What they don’t have is a system that uses the rule of law and private property rights to create wealth for their people.

And on the spectrum of systems from capitalism and communism, every country that slides closer to communism slides further down the GDP-per-capita chart of less prosperity for their citizens.

The math doesn’t lie.

It’s not just about financial prosperity, either.

Lest we fall prey to the argument that “this system is obsessed with money, and there is more to life,” let’s not forget the long list of benefits it has delivered for those fortunate enough to live in western civilization.

  • Individual liberty
  • Religious freedom
  • Scientific inquiry
  • Women’s rights
  • Human rights
  • Representative government
  • Trial by jury
  • Freedom of speech
  • Freedom of conscience

Believing in the exceptionalism of this system, and how America has been its greatest embodiment over the last couple centuries, doesn’t mean we can’t find ways to make it better.

The fact that western civilization has been a gift to the world and to every person who has lived in it — it’s as indisputable as the fact that human beings need oxygen to survive.

Yet, our system is under assault.

Despite all this, the 2020s have borne witness to a withering assault on the foundations of our free market system.

The aggressors seek to tear down the rule of law, private property rights, abundant resources, reliable energy, the pursuit of knowledge, technological innovation, and growth in productivity.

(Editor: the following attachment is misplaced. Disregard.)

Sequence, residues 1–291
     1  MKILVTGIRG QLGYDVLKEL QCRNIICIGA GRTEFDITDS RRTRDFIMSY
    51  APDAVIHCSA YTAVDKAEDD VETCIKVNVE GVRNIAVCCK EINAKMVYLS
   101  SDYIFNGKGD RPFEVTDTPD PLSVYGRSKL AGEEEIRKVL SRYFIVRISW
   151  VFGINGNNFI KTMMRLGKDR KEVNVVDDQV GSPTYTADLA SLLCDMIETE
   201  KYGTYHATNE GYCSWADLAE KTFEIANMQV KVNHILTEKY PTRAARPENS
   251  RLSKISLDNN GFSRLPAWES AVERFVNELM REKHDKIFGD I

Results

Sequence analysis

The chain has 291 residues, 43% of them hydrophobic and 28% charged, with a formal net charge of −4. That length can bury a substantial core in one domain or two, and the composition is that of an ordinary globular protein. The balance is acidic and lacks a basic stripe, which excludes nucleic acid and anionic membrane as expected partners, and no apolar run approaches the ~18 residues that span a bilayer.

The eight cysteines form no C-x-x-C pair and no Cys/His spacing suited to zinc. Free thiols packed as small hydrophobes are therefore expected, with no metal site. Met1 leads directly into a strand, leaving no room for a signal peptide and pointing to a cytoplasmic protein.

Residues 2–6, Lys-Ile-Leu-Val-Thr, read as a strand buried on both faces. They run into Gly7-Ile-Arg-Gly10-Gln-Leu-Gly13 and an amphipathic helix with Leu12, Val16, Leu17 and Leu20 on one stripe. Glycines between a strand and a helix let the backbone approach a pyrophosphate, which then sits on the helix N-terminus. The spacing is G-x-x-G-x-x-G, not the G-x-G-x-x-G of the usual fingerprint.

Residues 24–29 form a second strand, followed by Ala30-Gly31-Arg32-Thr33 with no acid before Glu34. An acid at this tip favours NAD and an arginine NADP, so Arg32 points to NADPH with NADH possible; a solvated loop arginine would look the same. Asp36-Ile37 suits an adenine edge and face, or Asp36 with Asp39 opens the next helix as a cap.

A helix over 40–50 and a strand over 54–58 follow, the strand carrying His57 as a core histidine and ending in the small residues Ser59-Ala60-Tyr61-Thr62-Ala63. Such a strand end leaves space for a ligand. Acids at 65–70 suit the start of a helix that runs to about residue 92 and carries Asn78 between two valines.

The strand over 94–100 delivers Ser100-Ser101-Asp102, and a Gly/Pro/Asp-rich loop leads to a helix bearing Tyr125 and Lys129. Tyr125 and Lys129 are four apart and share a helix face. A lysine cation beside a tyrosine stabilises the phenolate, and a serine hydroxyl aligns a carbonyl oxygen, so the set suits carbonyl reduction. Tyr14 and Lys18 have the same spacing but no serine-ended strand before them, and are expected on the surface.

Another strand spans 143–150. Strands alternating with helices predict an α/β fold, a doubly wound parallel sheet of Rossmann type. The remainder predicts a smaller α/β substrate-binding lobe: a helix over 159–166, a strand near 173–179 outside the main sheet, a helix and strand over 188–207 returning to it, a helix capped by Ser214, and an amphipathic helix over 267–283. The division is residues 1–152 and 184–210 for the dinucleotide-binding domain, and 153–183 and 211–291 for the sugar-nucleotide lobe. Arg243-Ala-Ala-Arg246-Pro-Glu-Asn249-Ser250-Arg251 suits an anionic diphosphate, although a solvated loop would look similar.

It’s systematic — and it’s not an accident.

Solar and wind don’t work much of the day or year, and it doesn’t appear there are enough rare minerals in the world to build the batteries to change that. We have the solution right in front of us to take our electricity use to zero emissions, but we’ve regulated it to zero growth. Source: Washington Post
Source: US Department of Transportation, Los Angeles Times, Associated Press

On the razor’s edge of losing it all.

I’m not that worried about well-intentioned young people who don’t yet understand the fragility and greatness of this grand experiment. Many of these kids will grow up, get a job, and develop an understanding of reality.

I’m much more worried about the activists who are intent on tearing it down.

Whether they label themselves socialists, communists, collectivists or totalitarians, their assault on our system will destroy the future prosperity of my kids and yours.

We can’t allow them to succeed.

What can we do about it?

This is where it gets personal: I believe it’s our responsibility to push back against the darkness in our world.

Many people articulate this as a responsibility to “give back” — and I agree. I’ve put a lot of time and effort into trying to create opportunities for people who haven’t caught the breaks I have.

But I also believe that Joe Lonsdale is right — our greatest social responsibility is keeping the socialists, the people breaking things, and their ideas, out of power.

For you, that might look like voting this time.

Or volunteering for a politician who promises to work against the big government / big business cartel and fight for free markets.

Or helping to create experiments in public policy that can help your state become an outlier in education, or job growth, or innovation freedom.

This is one of the reasons I recently joined the board of Mountain States Policy Center, a non-partisan think tank helping to make sure the best free market policy ideas take root in the mountain states.

The bottom line?

It’s time to just say no to these de-growth communists who want to tear down the progress of western civilization.

If we truly want to pay it forward to future generations, it’s the only course we can take.

Thank you to Cacey Klein, Micaela Barraza and Andy Martin for providing feedback on drafts of this essay.



Aaron Klein

Husband and Dad to your typical, average Korean-Ethiopian-American family. Co-Founder and Founding CEO at Nitrogen. Striving to live Isaiah 1:17. Love Idaho.